The Vikings tried the much-ballyhooed zone blocking scheme well before gurus Gary Kubiak and Rick Dennison walked through the doors at TCO Performance Center this offseason.
“Everybody tries it to some degree,” coach Mike Zimmer said. “It’s really not that complicated in theory. In fact, we were doing it two years ago.”
But not for long.
“Finally, I made them stop because we were getting beat underneath and having runs of minus-2, minus-1,” Zimmer said. “So, yeah, everybody tries it. But it’s not the same as when [Kubiak and Dennison] do it and teach it. It’s just different. They really, really know how to do it.”
There are two keys to zone blocking. The first one is easy for linemen to simulate in practice. The second one, not so much.
“The first one,” says tackle Rashod Hill, “is getting on your horse and going in the right direction.”
Five big fellas all going full blast, single blocking in the same direction in unison with proper spacing. That’s easy to simulate in practice, and the Vikings are doing a good job of it, according to Zimmer and those eyeballing the offensive line’s run blocking in this training camp. The second key?
“The backside cut,” Zimmer said. “Getting that one guy out of his gap.”
Teams don’t cut block in practice because, well, teammates and their knees are valuable commodities to be highly protected until game day. So how NFL teams simulate cut blocks in practice isn’t ideal.
As for the Vikings, they’re doing something new this training camp under Dennison, the offensive line coach/run game coordinator. During individual drills, linemen practice cut blocks against moving pads Zimmer calls “doughnuts.”
They’re shaped like big doughnuts so they can be rolled to simulate a defender moving. The linemen must get low to cut the pad.
“It’s hard to simulate [a cut block] but I think the doughnut is one good way to try it,” offensive coordinator Kevin Stefanski said. “There’s at least a shape that simulates it. And then there’s a safety element where [the lineman] can roll onto the mat.”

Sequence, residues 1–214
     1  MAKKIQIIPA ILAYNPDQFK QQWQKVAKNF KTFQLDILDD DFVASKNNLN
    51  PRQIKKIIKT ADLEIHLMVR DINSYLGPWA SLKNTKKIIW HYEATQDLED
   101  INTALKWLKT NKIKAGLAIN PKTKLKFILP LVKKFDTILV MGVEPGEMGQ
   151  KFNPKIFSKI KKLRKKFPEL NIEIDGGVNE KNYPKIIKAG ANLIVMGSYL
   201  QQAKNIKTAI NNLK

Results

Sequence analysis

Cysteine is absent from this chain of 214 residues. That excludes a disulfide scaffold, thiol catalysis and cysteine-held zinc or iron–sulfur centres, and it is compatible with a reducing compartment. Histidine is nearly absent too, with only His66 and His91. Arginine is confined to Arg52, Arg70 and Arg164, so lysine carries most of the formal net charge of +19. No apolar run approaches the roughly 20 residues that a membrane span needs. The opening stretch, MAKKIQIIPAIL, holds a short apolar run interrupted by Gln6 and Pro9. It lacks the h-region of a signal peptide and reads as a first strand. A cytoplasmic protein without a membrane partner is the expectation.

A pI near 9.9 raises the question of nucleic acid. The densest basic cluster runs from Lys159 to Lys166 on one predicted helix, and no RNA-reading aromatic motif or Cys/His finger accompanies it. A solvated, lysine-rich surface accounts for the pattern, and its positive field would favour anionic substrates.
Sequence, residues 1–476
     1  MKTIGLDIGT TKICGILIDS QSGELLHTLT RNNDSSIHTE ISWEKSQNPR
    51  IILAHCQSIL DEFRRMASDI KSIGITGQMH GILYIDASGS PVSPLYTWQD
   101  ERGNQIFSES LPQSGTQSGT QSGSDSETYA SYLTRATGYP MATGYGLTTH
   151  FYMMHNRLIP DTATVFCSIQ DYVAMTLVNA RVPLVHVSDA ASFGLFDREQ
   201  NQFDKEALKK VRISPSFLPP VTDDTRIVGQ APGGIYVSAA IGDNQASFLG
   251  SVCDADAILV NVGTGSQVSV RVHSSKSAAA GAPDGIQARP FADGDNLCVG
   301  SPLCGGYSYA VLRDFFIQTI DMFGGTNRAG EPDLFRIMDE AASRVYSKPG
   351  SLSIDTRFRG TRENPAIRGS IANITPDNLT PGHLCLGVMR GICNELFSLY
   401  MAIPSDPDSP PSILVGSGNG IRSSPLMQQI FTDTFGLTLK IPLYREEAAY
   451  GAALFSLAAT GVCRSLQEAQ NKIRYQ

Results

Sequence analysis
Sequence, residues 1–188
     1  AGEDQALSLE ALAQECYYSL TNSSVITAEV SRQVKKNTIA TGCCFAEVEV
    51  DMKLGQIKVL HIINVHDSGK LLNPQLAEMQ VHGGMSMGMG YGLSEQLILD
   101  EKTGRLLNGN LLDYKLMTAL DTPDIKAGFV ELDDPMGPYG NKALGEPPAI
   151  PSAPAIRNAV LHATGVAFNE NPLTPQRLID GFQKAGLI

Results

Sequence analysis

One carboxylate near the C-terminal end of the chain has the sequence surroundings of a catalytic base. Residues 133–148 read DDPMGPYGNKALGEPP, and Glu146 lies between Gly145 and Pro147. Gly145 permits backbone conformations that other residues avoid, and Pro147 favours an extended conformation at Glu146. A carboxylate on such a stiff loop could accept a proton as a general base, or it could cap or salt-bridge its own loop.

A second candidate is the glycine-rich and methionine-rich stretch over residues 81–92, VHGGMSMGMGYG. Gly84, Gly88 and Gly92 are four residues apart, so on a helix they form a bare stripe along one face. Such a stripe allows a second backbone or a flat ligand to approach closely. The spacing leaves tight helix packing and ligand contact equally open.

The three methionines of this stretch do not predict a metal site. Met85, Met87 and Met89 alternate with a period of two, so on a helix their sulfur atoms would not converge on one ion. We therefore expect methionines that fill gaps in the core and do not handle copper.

Zimmer doesn’t worry about running backs trying to simulate running in zone blocking.
“That part is pretty easy,” Zimmer said. “They have what they call the ‘dot.’ The dot is their read [point]. They cut off the read.”
The preferred seam is backside, so the running back is cutting away from the direction everyone is else moving.
“That’s when they get the big ones,” Zimmer said.
Many times, it’s the backside offensive tackle who holds the key, assuming everyone on the front side did their jobs.
“The backside tackle is responsible for cutting that three-technique [defensive tackle],” Hill said. “Not to give everything out, but people know that. There’s nothing to hide. It’s execution. The guard is going to give the ‘three’ a hand just to post him up and get his shoulder high. Then the tackle comes low and cuts him on that third or fourth step.”
Again, not something you’ll see in practice.
“[But] I think we can judge it out here on the practice field and make sure guys are assignment-sound,” Stefanski said. “As you watch it, you can say, ‘The right guard would have or is going to try and cut the nose.’ So we have those discussions and the players know when they’re [supposed to be] cutting and when they’re not. … We’ve gotten a ton of good work against our defense. We’re getting there. We’re not there yet but I think we’re making strides.”
The Vikings will have a better feel for how they’ll cut block Friday night when the preseason opens at New Orleans.
“And, actually, for the defense, it’s the same issue [not simulating how to beat cut blocks in practice],” Zimmer said. “So, yeah, it’s hard. But we’ll get some of that going on Friday.”
Mark Craig is an NFL and Vikings Insider. Twitter: @markcraigNFL. E-mail: email@example.com